At the Hopper conference that year she heard successful women in top positions talk about using data science in their work. It was a turning point for Schmit. She had enjoyed artificial intelligence in class, but did not realize how integral the field was in data science. “Because it was a relatively new field, I never thought I could find a job in it.” After Hopper she knew otherwise and changed her career path accordingly.
When she attended Grace Hopper last fall, “it was so much nicer to be able to talk to companies and show them what I am passionate about,” Schmit says, “to see them being receptive to that and actually wanting me to work for them.” Schmit also took a lead role in organizing the other students who attended, which included holding preconference sessions on résumé writing and interview skills.
The Grace Hopper conferences help build a sense of community among the female students who attend, which in turn has been a catalyst for Women in Computing (WIC), a subcommittee of the Computer Science Undergraduate Council (CSUG). WIC has about 100 members. Its meetings and events further the sense of community among female students.
For example, at “coding parties,” students work on problems together and share ideas. “It’s nice to have a place where lots of girls are doing the same thing,” says WIC president Euakarn (Som) Liengtiraphan ’17.
The group also has worked with CSUG and Dwarkadas to sponsor department “town hall” meetings to address concerns among female students about professor approachability, TA sensitivity, and having study spaces where women feel comfortable.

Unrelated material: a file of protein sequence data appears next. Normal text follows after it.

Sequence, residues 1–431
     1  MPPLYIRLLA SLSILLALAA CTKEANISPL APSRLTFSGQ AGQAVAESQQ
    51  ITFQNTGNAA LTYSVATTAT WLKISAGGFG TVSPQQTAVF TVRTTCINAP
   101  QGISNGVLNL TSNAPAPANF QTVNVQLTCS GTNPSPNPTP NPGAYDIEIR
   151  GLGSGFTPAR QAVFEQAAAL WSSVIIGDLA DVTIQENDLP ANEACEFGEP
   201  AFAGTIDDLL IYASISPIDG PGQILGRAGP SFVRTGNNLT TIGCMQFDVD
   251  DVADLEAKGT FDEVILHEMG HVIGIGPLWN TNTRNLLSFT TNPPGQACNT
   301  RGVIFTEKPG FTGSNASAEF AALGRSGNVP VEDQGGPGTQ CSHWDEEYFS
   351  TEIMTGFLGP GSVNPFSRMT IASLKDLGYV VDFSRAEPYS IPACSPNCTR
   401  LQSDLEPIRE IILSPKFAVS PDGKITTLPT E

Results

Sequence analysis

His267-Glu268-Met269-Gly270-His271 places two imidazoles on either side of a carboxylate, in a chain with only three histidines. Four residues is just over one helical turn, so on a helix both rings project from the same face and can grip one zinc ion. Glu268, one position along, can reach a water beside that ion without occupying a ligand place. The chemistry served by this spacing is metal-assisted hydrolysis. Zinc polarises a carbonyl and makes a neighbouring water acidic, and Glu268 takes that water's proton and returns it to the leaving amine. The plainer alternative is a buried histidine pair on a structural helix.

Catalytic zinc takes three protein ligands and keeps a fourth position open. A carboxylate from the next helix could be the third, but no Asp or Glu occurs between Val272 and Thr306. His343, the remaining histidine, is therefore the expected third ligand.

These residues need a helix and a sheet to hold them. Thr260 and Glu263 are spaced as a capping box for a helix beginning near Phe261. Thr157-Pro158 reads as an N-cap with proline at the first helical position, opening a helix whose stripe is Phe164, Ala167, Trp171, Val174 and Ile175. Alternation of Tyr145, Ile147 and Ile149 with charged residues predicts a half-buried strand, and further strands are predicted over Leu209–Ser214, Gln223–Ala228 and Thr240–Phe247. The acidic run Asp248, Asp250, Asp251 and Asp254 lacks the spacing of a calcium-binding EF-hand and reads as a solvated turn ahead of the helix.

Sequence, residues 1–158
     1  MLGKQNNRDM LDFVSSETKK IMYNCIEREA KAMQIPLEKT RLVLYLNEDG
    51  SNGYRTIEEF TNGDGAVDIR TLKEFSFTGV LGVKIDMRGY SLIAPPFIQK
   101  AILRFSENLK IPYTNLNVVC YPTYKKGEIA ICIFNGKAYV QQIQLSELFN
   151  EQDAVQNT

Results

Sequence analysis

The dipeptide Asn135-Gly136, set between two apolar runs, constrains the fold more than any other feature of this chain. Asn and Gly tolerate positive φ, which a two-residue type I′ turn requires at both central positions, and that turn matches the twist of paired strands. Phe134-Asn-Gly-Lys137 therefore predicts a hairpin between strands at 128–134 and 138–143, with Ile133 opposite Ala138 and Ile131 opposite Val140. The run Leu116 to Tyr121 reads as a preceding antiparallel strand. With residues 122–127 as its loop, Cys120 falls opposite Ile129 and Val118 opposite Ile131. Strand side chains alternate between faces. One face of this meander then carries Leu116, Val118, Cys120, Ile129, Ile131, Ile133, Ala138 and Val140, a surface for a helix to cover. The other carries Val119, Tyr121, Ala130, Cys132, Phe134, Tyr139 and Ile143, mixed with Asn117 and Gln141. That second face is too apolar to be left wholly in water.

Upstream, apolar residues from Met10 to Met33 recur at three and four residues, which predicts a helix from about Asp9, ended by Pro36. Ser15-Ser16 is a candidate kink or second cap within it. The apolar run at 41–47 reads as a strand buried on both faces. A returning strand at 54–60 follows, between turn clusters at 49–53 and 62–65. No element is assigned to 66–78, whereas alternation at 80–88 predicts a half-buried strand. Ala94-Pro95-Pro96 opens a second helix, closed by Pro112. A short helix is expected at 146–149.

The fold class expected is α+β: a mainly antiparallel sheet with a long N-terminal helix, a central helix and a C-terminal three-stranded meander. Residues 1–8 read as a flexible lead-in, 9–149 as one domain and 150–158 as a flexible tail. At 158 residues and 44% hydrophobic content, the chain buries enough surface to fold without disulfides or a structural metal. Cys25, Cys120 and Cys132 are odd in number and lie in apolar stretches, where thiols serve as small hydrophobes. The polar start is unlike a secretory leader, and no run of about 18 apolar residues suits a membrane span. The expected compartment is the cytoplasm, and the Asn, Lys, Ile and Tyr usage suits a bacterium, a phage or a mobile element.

The University of Washington study identified “lack of pre-college experience” as a contributing factor to female underrepresentation in computer science. The department has increased its outreach to female high school students through University summer programs. Its female students are also helping address the problem by working with Rochester-area schools and local Girl Scouts to introduce computing to young women.
The events often include testimonials about the empowerment that comes with learning to code. When WIC visited the Harley School in Rochester this fall, Sarah Kingsley ’17 told the students that she had been more interested in art than science when she attended Harley. Then she took her first coding class at the University of Rochester and “fell in love,” prompting her to major in computer science as well as studio arts.
“Everyone who does computer science has this experience, where you’re coding something and you realize this is really fun. You figure it out, and it becomes addictive, and you figure out the next problem and then the next. That’s something that connects us all together.”
“You don’t need a lot of experience . . . anybody can do (coding),” adds Mikayla Konst ’17, who initially planned to major in math but switched after taking her first computer science class. “Why do I like computer science? It’s literally magic. I’m putting words on a page, and it’s doing these incredible things.”
Guenther, who joined the department in 1992, can remember “years in a row” when there were “no women at all in the graduating classes.”
Now the increasing presence of women is manifested in many ways. For example, nearly half of the student workshop leaders for introductory classes are women, providing role models for the women in those classes. Similar percentages of women participate on Rochester computing teams that compete against other colleges. That raises eyebrows among students from other schools. And it sends a message.
“I think we’re getting a reputation as a woman-friendly campus,” Guenther says.
Under Dwarkadas’s leadership, the computer science department “has been a wonderful partner in the BRAID project,” says Cait Rogan, program manager for academic initiatives at the Anita Borg Institute. “Along with the 14 other BRAID schools, Rochester is truly helping to define what diverse and inclusive computer science education looks like in the 21st century.”